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436-405 Advanced Control Systems

Assignment 1: Performance Limits of an X-Y Contouring System

Learning Objectives
• Familiarity with the conventional control architecture for motion control systems
• Appreciation of some contouring performance limitations with the conventional control
• Appreciation of the effects on contouring performance of mechanical ‘imperfections’
such as transmission compliance, nonlinear friction and backlash
• Knowledge of the hardware and software used in the laboratory equipment, required for
subsequent assignments to be performed outside the laboratory

This assignment is the first of three assignments concerned with the control of an X-Y table
for contouring tasks – i.e., motion of a point on the table at a defined speed along a defined
path in the x-y plane. In industrial applications of equipment of this type, both the contouring
speed and precision are important performance attributes.
In this first assignment you will become familiar with the hardware, how it is controlled, and
how well the system performs. In the second assignment you will be provided with a detailed
simulation model of the laboratory system, and asked to investigate the performance-limiting
features of the system in more detail. In the final assignment you will be asked to investigate
alternative control strategies, and to test them on the laboratory system via remote web-based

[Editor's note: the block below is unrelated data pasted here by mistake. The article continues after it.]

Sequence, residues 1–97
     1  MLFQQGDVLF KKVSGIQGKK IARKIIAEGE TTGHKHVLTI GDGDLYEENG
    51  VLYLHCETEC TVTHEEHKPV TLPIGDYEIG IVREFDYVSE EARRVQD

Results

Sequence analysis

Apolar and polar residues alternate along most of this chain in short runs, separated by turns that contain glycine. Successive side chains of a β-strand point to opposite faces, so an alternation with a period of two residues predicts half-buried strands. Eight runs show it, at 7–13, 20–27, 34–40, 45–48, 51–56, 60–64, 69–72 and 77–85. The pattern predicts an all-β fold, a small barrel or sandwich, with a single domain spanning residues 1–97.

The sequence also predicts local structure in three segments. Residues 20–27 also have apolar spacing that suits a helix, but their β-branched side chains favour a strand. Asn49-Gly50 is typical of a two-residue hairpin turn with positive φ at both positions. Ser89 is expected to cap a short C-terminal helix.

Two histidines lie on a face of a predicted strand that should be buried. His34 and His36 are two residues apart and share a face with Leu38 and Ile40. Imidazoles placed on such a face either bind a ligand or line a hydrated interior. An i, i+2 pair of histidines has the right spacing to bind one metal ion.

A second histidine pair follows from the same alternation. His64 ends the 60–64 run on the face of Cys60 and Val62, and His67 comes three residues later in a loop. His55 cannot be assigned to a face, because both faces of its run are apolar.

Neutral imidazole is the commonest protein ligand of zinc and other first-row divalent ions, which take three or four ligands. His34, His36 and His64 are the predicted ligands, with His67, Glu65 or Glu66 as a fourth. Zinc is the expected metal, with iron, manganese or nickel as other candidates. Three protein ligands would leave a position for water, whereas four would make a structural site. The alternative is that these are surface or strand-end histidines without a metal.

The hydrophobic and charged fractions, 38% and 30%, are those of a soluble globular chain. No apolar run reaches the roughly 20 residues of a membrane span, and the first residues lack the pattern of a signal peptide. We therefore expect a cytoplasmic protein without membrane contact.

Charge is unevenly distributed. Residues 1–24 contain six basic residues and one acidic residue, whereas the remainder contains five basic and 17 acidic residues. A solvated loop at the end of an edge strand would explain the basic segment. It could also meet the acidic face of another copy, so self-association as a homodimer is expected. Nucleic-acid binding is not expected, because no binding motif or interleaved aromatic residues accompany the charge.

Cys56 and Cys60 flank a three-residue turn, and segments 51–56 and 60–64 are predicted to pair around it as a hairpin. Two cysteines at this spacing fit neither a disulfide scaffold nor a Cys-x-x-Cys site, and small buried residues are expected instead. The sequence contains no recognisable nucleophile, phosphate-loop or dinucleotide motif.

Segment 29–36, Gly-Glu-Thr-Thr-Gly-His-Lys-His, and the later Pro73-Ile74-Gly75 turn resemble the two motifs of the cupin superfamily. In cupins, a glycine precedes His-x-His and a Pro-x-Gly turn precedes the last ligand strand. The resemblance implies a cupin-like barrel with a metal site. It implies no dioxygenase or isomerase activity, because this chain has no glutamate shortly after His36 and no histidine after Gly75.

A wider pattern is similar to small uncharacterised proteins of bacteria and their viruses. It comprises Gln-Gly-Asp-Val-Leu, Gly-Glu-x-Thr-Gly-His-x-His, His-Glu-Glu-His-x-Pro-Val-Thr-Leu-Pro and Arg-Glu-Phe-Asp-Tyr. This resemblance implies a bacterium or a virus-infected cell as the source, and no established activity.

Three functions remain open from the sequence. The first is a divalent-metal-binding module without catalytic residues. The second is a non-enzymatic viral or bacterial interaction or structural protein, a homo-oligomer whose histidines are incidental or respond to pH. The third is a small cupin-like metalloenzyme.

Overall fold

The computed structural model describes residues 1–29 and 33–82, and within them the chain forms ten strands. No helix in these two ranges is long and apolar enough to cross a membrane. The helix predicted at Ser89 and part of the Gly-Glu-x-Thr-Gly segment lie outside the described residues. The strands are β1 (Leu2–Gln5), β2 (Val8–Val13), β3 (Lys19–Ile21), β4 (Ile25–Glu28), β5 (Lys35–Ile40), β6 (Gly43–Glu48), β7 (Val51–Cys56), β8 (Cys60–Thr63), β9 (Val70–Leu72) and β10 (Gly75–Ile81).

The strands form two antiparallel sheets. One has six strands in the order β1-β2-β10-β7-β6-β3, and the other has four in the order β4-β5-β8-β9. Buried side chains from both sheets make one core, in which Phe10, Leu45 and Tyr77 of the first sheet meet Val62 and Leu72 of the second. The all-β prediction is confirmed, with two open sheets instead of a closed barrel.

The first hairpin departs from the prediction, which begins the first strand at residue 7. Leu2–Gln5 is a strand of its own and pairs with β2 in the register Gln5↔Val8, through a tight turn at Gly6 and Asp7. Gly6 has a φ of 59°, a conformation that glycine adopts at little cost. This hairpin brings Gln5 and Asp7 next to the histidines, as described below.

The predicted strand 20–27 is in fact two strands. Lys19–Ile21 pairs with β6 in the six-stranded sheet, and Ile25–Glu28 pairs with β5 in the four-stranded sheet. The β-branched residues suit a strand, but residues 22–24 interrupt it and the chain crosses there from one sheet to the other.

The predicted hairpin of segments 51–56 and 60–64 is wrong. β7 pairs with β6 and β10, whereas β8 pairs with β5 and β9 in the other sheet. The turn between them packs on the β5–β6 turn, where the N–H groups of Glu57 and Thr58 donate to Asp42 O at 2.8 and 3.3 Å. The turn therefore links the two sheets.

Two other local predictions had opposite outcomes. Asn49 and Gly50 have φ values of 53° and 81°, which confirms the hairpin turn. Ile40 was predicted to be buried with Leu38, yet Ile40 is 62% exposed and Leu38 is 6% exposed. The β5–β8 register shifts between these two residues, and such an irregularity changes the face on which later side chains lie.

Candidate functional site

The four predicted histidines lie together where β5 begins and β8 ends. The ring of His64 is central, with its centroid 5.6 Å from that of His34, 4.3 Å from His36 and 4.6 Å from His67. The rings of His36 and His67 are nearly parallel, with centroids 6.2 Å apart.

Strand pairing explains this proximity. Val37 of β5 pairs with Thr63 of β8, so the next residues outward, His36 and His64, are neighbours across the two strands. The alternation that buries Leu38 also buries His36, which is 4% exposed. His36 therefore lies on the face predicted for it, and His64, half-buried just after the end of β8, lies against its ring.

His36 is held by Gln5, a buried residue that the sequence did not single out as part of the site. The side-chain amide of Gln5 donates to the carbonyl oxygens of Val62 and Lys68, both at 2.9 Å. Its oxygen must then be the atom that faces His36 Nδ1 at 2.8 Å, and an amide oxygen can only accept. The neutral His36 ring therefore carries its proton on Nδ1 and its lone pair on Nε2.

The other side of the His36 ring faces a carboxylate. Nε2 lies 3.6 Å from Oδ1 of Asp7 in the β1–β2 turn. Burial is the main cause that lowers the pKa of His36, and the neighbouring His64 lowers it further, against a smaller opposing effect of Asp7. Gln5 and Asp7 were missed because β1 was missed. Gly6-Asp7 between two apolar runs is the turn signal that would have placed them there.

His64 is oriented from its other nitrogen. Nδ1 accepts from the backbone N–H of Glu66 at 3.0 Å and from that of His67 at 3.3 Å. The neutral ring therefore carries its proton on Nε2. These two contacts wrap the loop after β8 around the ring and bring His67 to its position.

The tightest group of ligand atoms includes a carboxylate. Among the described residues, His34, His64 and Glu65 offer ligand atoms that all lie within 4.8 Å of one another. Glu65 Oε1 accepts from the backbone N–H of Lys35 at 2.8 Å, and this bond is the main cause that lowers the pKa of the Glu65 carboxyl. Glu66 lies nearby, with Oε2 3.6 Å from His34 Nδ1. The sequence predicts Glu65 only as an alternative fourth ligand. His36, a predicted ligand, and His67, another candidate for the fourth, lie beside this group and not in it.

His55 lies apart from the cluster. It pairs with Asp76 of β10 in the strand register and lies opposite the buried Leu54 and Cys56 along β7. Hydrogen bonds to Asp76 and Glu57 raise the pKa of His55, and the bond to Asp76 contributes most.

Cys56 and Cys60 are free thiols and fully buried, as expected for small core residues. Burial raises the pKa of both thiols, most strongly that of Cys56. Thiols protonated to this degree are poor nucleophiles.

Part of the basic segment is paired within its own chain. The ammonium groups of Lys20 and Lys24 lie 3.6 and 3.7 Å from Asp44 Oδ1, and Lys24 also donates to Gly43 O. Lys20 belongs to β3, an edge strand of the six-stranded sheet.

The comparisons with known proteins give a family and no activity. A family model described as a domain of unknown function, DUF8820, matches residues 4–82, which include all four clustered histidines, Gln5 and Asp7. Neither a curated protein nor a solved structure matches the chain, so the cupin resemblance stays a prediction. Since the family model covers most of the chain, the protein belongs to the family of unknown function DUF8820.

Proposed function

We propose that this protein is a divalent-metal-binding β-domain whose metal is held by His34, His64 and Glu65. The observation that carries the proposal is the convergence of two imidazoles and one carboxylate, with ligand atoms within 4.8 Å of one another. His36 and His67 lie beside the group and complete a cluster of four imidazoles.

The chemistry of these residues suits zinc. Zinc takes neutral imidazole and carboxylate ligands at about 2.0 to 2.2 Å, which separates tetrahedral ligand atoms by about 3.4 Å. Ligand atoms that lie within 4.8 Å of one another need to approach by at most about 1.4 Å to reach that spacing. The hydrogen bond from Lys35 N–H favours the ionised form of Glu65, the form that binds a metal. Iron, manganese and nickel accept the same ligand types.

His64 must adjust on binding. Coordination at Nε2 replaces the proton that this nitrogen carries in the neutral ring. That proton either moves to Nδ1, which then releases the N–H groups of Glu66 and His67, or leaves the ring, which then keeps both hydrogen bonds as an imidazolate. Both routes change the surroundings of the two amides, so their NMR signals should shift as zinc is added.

The system components, illustrated in figure 1, include:
• Two Daedal 404100XR precision linear tables
− 5 mm/rev ballscrew
− maximum screw speed 60 rev/s
− maximum table acceleration 20 m/s2
− 1 µm resolution linear encoders for position feedback
• Two Baldor BSM50A-375AA brushless AC servomotors
− rated speed 4000 rev/min
− peak torque 5.44 Nm
− resolver shaft position sensor
• Two flexible couplings, with deliberately introduced torsional compliance and backlash
• Two Baldor DBSC102 servo drives
− ±10 V analog command of motor speed or current
− 1024 pulse/rev synthetic encoder output
• dSPACE DS1102 controller board, based on TMS320C31 digital signal processor (DSP)
− executes position control in conventional CNC control architecture; issues velocity
command to servo drives
− may be used to implement alternative control architectures, issuing current commands
to servo drive
• PC control computer for overall system control

Figure 1: X-Y table system components

The software development environment on the PC includes:
• MATLAB/Simulink
− define controller to be implemented on DSP
− acquire and plot response data
• Mlib
− communicate between MATLAB workspace and DSP
• Real-Time Workshop and dSPACE RTI interface
− compile Simulink diagrams into C code and native DSP code

Control Architecture
In this first assignment the system is set up with a conventional CNC control architecture, as
illustrated for one axis in figure 2.
PC digital DSP analog Drive
position velocity
command command Motor Resolver
PI-ctrl of
of 3Ø motor
P-ctrl of
of velocity
workspace position
position and
trace synthetic resolver position
variables encoder feedback

Figure 2: CNC control architecture

The contour to be traced by the table is defined by the MATLAB workspace vectors
x_profile, and y_profile, which specify the commanded positions at equal
increments of time. The total duration of the contour move is specified by a parameter
MAXTIME in the workspace. The profiles are read by the DSP position controller, which
operates with a 1 ms sample period. The encoder pulse stream generated by the servo drive is
also sampled and decoded by the DSP. It then implements simple Proportional-control on the